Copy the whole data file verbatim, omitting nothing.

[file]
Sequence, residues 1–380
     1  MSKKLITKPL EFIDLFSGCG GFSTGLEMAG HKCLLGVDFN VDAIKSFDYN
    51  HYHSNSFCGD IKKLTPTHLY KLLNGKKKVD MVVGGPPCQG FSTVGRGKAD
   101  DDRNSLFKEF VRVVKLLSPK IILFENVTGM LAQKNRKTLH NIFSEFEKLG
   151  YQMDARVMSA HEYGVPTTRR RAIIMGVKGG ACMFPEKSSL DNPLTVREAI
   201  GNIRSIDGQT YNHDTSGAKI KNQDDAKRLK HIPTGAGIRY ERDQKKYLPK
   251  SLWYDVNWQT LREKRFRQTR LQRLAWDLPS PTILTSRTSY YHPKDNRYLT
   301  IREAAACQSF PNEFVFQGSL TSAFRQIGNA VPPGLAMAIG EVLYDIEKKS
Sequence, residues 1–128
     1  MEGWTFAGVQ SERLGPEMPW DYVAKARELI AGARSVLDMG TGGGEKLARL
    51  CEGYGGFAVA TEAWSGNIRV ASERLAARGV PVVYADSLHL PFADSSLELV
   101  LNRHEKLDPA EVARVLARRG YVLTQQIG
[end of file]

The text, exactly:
Sequence, residues 1–380
     1  MSKKLITKPL EFIDLFSGCG GFSTGLEMAG HKCLLGVDFN VDAIKSFDYN
    51  HYHSNSFCGD IKKLTPTHLY KLLNGKKKVD MVVGGPPCQG FSTVGRGKAD
   101  DDRNSLFKEF VRVVKLLSPK IILFENVTGM LAQKNRKTLH NIFSEFEKLG
   151  YQMDARVMSA HEYGVPTTRR RAIIMGVKGG ACMFPEKSSL DNPLTVREAI
   201  GNIRSIDGQT YNHDTSGAKI KNQDDAKRLK HIPTGAGIRY ERDQKKYLPK
   251  SLWYDVNWQT LREKRFRQTR LQRLAWDLPS PTILTSRTSY YHPKDNRYLT
   301  IREAAACQSF PNEFVFQGSL TSAFRQIGNA VPPGLAMAIG EVLYDIEKKS
Sequence, residues 1–128
     1  MEGWTFAGVQ SERLGPEMPW DYVAKARELI AGARSVLDMG TGGGEKLARL
    51  CEGYGGFAVA TEAWSGNIRV ASERLAARGV PVVYADSLHL PFADSSLELV
   101  LNRHEKLDPA EVARVLARRG YVLTQQIG